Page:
Islam: The world’s fastest growing religion

Why Muslims are the world’s fastest-growing religious group in the world

In the next half century or so, Christianity’s long reign as the world’s largest religion may come to an end, according to a just-released report that builds on Pew Research Center’s original population growth projections for religious groups.  Indeed, Muslims will grow more than twice as fast as the overall world population between 2015 and 2060 and, in the second half of this century, will likely surpass Christians as the world’s largest religious group.


Islam is the world’s second-largest religion, after Christianity. But this could change if the current demographic trends continue, according to research published by the US-based Pew Research Center.


Islamic Laws you will start to live under.

Islam’s Sharia law is cast from the words of Muhammad, called “hadith,” his actions, called “sunnah,” and the Quran, which he dictated. The Sharia law itself cannot be altered but its interpretation, called “fiqh,” by muftis (Islamic jurists) is given some latitude.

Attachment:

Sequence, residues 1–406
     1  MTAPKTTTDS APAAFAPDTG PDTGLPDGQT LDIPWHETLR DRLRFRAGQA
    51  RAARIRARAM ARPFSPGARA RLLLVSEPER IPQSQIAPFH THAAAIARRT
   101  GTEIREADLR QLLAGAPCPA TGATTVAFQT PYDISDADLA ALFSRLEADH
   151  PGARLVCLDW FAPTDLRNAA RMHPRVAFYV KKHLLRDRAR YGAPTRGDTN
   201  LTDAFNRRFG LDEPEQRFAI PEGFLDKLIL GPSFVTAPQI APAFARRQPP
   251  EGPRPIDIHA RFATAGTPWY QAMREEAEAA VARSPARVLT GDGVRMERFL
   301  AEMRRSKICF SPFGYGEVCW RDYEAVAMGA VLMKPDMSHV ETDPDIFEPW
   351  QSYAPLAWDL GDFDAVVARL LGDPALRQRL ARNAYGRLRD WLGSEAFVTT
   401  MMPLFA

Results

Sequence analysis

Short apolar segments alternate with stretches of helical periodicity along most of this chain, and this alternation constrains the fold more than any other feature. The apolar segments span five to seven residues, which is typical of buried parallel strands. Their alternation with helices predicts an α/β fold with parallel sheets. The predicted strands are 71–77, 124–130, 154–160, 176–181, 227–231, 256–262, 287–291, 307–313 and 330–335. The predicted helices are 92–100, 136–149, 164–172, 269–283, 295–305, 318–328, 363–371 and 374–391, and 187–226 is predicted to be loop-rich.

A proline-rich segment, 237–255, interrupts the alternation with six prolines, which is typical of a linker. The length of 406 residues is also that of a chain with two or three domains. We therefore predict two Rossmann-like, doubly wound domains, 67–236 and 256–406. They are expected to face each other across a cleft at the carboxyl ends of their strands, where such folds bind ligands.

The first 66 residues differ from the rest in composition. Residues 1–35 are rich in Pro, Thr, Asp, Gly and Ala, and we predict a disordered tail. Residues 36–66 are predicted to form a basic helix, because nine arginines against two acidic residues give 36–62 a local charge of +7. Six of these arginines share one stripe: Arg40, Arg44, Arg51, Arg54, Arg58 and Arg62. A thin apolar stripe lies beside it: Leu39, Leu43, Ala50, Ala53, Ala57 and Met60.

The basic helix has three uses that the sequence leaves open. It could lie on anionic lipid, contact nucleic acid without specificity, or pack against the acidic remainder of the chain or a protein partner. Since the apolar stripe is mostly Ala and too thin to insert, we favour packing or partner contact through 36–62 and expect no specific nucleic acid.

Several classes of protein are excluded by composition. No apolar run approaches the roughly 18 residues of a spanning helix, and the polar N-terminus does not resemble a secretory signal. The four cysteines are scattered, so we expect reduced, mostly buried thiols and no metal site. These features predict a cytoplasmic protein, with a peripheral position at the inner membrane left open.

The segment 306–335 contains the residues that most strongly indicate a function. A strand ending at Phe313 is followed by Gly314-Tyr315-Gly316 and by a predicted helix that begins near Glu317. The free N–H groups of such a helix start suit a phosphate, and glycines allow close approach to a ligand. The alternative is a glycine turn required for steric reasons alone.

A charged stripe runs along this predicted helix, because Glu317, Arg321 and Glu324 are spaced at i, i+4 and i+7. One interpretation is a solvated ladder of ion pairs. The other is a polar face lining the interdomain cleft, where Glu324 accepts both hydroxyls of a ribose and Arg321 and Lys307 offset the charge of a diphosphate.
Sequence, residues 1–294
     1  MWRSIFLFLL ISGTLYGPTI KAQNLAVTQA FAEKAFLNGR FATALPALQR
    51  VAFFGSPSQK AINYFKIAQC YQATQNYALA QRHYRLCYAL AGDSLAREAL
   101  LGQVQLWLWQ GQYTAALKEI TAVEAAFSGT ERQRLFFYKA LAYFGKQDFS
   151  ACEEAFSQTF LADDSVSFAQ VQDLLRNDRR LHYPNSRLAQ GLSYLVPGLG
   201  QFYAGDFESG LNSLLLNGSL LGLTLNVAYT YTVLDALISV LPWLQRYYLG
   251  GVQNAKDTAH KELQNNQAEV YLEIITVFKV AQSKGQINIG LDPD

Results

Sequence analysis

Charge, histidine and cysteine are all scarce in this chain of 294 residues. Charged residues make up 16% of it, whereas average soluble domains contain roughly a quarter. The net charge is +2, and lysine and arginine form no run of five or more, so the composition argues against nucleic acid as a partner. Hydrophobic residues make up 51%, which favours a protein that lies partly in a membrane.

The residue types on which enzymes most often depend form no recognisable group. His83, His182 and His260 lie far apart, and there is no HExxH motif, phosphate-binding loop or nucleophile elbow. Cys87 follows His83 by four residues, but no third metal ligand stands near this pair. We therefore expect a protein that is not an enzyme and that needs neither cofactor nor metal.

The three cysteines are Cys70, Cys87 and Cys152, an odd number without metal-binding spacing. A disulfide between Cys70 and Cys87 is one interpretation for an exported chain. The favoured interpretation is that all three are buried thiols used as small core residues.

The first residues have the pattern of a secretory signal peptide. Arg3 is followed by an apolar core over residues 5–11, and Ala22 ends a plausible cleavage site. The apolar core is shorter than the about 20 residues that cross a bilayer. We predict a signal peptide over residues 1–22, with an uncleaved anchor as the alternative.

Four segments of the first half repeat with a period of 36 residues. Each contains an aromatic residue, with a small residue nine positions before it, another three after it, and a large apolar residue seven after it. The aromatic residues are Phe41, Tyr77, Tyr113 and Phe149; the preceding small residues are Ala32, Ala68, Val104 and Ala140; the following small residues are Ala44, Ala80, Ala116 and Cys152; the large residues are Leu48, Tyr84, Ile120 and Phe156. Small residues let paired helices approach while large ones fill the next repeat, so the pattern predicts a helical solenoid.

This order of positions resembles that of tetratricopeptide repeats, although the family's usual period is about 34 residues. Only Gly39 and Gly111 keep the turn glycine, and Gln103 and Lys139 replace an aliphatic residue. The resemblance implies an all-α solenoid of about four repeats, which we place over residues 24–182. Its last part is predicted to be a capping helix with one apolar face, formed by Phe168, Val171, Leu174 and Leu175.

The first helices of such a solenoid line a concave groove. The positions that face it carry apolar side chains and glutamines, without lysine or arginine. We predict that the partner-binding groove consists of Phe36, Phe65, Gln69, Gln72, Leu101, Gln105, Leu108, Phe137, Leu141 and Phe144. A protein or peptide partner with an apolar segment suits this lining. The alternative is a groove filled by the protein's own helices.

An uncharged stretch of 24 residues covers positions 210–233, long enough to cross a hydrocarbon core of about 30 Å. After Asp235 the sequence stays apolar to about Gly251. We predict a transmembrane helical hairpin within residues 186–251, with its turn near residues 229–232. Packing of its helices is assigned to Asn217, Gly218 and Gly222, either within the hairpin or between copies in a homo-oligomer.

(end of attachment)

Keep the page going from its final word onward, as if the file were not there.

As a legal system, the Sharia law is exceptionally broad. While other legal codes regulate public behavior, Sharia regulates public behavior, private behavior, and even private beliefs. Compared to other legal codes, the Sharia law also prioritizes punishment over rehabilitation and favors corporal and capital punishments over incarceration. Of all legal systems in the world today, the Sharia law is the most intrusive and restrictive, especially against women. According to the Sharia law (see the links for details):

• Theft is punishable by amputation of the hands (Quran 5:38).
• Criticizing or denying any part of the Quran is punishable by death.
• Criticizing Muhammad or denying that he is a prophet is punishable by death.
• Criticizing or denying Allah is punishable by death (see Allah moon god).
• A Muslim who becomes a non-Muslim is punishable by death (See Compulsion).
• A non-Muslim who leads a Muslim away from Islam is punishable by death.
• A non-Muslim man who marries a Muslim woman is punishable by death.
• A woman or girl who has been raped cannot testify in court against her rapist(s).
• Testimonies of 4 male witnesses are required to prove rape of a female (Quran 24:13).
• A woman or girl who alleges rape without producing 4 male witnesses is guilty of adultery.